Despite recent economic volatility, Manhattan’s housing prices and sales were stable from 2010 through 2011, according a new report tracking the past 10 years from Prudential Douglas Elliman report.
Average co-op and condo market prices fell slightly, down from $1.46 million to $1.43 million in 2010. Both years showed strong sales numbers, increasing by 101 to 10,161 in 2011 and following a decade low of 7,430 sales in 2009.
Since “flat is the new black,” that makes Manhattan one of the best housing markets in the country, said Jonathan J. Miller, president and CEO of Miller Samuel, Inc., who compiled the data in the report.
“The test between a good market and a weak market is a good market is flat or stable and a weak market is declining,” Miller said. “There are no housing markets as a region that are improving or rising.”
The average price per square foot rose by $27 to $1,087 from 2010 to 2011, primarily due to reductions in average square footage across the board (one to four-bedrooms shrank, with minor increases in studio apartment sizes).
Average prices increased by nearly 80 percent between 2002 and 2011, from $795,079 to $1.43 million, according to the report, which tracked the market since 2002.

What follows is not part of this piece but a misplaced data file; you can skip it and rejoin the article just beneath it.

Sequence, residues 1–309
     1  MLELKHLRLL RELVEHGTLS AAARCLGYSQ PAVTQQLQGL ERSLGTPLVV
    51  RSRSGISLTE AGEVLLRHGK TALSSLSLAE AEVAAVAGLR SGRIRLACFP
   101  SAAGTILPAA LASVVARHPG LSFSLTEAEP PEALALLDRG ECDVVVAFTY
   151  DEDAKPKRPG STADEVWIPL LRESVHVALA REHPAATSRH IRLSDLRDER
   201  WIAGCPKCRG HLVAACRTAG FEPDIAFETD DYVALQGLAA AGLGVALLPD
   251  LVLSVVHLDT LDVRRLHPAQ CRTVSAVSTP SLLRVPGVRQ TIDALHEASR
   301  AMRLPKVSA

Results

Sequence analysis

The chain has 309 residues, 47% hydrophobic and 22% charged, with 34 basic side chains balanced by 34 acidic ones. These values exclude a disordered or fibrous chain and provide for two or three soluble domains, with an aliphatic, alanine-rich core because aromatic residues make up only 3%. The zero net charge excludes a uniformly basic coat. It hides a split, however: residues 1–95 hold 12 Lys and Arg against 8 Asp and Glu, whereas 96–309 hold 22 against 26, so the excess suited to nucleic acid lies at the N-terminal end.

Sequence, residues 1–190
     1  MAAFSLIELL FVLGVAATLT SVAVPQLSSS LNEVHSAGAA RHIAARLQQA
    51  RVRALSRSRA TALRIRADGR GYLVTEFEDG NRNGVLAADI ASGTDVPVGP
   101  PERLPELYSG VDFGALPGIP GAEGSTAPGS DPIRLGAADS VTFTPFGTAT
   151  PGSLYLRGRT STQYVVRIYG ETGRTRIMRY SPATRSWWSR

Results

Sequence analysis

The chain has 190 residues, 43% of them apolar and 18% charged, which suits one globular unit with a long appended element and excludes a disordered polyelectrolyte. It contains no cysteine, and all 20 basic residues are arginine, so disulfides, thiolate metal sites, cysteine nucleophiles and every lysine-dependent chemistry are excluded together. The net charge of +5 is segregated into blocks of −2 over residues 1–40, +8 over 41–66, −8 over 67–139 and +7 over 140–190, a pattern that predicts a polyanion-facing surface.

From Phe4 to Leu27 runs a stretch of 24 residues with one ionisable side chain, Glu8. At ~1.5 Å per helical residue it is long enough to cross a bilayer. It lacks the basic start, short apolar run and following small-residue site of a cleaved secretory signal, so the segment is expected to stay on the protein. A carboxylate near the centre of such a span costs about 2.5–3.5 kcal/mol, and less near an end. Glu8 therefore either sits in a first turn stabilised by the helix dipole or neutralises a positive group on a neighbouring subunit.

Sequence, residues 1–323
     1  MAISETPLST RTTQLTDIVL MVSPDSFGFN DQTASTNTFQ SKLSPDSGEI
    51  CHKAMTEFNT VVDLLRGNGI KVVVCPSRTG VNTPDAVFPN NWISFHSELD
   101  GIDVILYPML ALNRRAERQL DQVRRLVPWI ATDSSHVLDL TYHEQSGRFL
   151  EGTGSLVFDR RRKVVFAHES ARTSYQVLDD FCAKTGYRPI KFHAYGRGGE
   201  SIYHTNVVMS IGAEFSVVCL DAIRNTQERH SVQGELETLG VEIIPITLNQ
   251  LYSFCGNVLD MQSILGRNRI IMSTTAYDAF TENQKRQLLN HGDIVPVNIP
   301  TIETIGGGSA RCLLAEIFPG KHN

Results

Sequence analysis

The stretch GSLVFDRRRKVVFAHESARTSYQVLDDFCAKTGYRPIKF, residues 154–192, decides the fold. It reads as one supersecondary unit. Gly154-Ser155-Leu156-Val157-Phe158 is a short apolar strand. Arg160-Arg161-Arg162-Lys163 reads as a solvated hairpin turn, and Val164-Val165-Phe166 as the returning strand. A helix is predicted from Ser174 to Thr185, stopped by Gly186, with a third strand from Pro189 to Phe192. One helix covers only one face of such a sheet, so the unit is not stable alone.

Perhaps a better indicator of the housing market’s strength was the total number of sales, Miller said. The 10,161 sales last year were the third highest since 2002, behind market peaks in 2007 and 2008, when there were 13,430 and 10,299 sales, respectively.
Despite high unemployment, tight credit and a lack of a national housing strategy in an election year, Manhattan benefits from not having all of its “eggs in one basket,” Miller said.
Among the eggs in separate baskets are the bedrock financial services industry, increased foreign demand due to the cheap dollar and a high concentration of Fortune 500 companies with record cash on hand, he added.
Homes spent 127 days on the market in 2011, on track with numbers from a decade ago, but up 6.7 percent from 119 in 2010.
“Part of the problem is the banks at the lower end of the marketplace, which is a big chunk of the sales,” said Steven James, president of Manhattan brokerage at Prudential Douglas Elliman, referring to studios and one-bedroom homes.
“The banks just were not the easiest to deal with, as opposed to the upper end of the market which really, for the most part, doesn’t rely on financing.”
Greenwich Village saw the greatest spike in condo prices between 2010 and 2011, rising 21.9 percent. The Financial District’s co-op and condo prices rose 8.6 percent, while Washington Heights’ prices declined 20.4 percent.